The initial legislation pertaining to membership in the International Monetary Fund and the International Bank for Reconstruction and Development (the so-called Bretton Woods institutions) is given for countries where legislation was necessary for membership. For other countries, a note on the legal processes involved in joining the Fund has been supplied. Information on their quotas in the Fund is given for all Fund members.

    A Bibliographical Note at the end of each country section lists the publications of the central bank, monographs and articles on banking, central banking and currency, collections of laws, and citations of legislation supplementing or subsidiary to the basic laws in the volume.

    III

    This collection focuses on the basic domestic laws governing central banking, general banking, and money. A complete view of the law in these fields can be had, however, only by looking at the subsidiary domestic laws and related measures as well, including rules issued by the central bank under the authority of its organic law—such as its own by-laws and general rules on credit controls—and rules issued by the central bank under the authority of special laws giving it the power to act in a particular field—foreign exchange control, for example. In addition, there are laws with a more general application; these include the relevant provisions of constitutional law, administrative law, the civil code, company law, and negotiable instruments law. Although in principle such legislation is outside the scope of this volume, selected constitutional provisions and credit control measures have been included in some instances. Other subsidiary domestic measures are, where appropriate, referred to in the footnote annotations to individual laws or cited in the Bibliographical Notes.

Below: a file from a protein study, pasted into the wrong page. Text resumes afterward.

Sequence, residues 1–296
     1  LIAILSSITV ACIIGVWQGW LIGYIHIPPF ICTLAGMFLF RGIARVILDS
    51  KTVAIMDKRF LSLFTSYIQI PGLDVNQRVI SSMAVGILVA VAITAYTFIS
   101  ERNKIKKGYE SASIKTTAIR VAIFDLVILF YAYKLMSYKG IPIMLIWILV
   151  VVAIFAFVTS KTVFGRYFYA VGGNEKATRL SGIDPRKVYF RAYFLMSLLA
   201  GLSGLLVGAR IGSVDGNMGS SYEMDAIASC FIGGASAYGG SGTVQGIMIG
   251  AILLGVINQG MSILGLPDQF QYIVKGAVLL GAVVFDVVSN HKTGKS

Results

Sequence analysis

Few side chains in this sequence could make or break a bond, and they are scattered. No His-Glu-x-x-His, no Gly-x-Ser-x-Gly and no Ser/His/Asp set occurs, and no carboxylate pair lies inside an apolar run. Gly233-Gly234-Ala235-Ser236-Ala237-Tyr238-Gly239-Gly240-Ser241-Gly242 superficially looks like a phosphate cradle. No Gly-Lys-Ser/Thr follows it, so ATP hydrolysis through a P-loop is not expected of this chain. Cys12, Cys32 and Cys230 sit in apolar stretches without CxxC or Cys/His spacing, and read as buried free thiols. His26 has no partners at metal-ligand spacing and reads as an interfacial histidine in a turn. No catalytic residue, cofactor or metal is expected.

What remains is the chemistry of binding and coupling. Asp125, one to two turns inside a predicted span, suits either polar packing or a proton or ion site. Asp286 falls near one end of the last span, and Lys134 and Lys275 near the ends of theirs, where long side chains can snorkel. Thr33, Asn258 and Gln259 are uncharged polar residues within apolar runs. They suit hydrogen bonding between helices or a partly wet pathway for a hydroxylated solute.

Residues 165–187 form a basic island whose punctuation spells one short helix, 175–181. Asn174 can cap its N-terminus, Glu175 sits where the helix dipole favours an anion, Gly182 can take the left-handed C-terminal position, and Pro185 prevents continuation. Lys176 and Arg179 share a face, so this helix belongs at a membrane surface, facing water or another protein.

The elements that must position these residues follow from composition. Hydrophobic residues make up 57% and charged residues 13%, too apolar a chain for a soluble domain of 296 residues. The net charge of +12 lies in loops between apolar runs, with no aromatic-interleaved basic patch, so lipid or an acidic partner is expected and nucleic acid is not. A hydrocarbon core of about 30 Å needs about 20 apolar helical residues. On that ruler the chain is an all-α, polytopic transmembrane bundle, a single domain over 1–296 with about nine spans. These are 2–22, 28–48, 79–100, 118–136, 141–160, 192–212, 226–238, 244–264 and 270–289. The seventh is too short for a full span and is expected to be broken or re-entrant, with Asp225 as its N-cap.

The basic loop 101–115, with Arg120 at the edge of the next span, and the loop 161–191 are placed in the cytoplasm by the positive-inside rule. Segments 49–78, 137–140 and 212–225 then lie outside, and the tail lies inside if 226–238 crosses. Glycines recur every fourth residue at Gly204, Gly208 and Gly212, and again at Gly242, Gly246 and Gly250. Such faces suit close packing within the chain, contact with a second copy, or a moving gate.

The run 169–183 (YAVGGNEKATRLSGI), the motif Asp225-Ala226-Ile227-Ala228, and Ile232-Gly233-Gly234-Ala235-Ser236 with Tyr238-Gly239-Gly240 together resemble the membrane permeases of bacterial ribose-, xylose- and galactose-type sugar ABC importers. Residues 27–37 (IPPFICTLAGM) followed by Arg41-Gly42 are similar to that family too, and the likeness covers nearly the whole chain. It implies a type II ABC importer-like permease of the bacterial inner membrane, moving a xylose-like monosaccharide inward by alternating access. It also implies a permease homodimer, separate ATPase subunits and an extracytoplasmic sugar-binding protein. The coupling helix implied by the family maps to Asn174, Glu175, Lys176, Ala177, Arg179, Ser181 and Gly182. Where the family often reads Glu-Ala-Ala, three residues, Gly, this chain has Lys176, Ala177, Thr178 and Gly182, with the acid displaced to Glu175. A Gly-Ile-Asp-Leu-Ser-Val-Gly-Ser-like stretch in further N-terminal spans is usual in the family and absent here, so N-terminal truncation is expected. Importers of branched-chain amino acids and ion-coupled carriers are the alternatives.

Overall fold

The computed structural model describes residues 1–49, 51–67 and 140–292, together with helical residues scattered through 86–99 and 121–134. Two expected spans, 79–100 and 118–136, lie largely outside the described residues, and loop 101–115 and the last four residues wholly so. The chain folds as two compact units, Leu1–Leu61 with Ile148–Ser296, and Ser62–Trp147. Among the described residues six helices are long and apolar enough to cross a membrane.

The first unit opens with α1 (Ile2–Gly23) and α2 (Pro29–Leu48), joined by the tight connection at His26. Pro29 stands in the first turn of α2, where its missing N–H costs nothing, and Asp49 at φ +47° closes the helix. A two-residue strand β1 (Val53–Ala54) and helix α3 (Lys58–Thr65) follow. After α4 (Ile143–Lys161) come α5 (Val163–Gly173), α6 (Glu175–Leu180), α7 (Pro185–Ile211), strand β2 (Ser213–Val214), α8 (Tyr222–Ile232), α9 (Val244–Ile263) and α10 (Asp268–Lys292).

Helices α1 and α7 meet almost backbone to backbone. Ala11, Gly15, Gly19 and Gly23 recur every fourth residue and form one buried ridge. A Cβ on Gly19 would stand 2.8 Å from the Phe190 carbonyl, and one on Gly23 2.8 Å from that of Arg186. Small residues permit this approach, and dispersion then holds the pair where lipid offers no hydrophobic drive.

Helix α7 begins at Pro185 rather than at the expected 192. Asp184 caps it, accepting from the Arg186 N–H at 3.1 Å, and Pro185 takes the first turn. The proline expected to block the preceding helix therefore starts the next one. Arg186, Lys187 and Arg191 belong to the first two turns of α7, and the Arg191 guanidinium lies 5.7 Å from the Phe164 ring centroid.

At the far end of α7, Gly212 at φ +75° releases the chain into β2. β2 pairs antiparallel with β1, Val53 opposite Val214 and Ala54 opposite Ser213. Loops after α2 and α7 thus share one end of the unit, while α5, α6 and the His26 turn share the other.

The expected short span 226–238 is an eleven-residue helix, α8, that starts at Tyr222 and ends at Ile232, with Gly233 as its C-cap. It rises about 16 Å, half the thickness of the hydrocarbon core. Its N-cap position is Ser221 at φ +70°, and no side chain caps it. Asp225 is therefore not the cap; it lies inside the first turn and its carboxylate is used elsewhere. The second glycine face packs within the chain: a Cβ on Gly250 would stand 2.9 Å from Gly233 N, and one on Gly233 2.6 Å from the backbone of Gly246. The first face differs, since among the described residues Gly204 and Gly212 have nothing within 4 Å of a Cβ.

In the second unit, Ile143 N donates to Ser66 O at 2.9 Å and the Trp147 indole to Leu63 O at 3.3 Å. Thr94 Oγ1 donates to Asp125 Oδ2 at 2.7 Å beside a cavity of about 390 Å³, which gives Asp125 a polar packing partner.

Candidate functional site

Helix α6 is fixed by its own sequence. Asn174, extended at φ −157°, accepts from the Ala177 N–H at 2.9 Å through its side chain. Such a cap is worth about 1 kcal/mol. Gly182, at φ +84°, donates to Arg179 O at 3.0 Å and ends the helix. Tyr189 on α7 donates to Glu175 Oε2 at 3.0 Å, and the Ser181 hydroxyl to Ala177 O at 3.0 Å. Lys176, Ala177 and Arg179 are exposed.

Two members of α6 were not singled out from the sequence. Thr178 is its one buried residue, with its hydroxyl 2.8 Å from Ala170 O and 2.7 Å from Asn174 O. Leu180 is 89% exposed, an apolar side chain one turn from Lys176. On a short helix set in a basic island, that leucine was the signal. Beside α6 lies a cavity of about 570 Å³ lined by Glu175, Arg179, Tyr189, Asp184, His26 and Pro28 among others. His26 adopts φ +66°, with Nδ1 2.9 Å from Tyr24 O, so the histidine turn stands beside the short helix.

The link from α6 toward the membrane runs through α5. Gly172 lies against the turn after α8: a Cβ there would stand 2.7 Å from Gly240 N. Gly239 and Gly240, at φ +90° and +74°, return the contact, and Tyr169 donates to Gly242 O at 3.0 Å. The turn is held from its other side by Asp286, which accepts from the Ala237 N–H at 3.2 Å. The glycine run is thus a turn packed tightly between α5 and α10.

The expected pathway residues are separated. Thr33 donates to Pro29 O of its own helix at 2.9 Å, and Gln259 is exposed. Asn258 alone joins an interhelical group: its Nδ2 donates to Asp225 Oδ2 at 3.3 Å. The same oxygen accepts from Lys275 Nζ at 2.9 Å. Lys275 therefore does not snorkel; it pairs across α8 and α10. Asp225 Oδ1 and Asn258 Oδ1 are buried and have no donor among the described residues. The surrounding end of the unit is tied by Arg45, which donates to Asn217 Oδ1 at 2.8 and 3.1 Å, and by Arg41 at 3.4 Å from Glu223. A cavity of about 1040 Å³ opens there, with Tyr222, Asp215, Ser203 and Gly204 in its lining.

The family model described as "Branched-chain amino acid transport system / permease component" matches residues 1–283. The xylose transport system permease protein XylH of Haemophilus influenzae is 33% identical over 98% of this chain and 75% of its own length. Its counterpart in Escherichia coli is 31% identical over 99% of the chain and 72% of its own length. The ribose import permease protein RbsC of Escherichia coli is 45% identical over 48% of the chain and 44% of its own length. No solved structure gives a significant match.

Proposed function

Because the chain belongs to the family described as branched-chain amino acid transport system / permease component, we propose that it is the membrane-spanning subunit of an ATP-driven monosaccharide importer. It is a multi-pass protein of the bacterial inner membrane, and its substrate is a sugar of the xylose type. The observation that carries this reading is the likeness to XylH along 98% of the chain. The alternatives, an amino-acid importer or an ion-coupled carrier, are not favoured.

Of the seventeen countries whose central bank laws are assembled in this volume, only Austria, Denmark, the Netherlands, and Switzerland had adopted credit control measures in the form of so-called credit control agreements by July 1966. These agreements with the commercial banks, concluded by the central bank or by the Ministry of Finance in consultation with the central bank, are cited in the Bibliographical Notes.

    Since fourteen of the seventeen countries covered in this volume are parties to the Geneva Conventions providing a Uniform Law for Bills of Exchange and Promissory Notes (1930) and a Uniform Law for Checks (1931), information on the status of these Conventions as of December 31, 1965 has been supplied in Appendix V. In addition, the principal domestic laws in this field are cited in the Bibliographical Notes. The reader is referred to Schettler and Büeler, Das Wechsel- und Scheckrecht aller Länder (Cologne, 1957—, loose-leaf), which contains the negotiable instruments laws of these and other countries in the language of the country and in German.

    IV

    While the primary purpose of this book is to present legislation as currently in force, some historical data have also been supplied. In addition to the Notes that preface the texts of the central bank laws and the Notes on Monetary Units, historical material is given in the Bibliographical Notes. Also, Appendix IV on the League of Nations Collection of Monetary and Central Bank Laws (1932) has been included on the assumption that it will be of interest for the study of the legal and institutional history of European central bank, banking, and monetary regimes.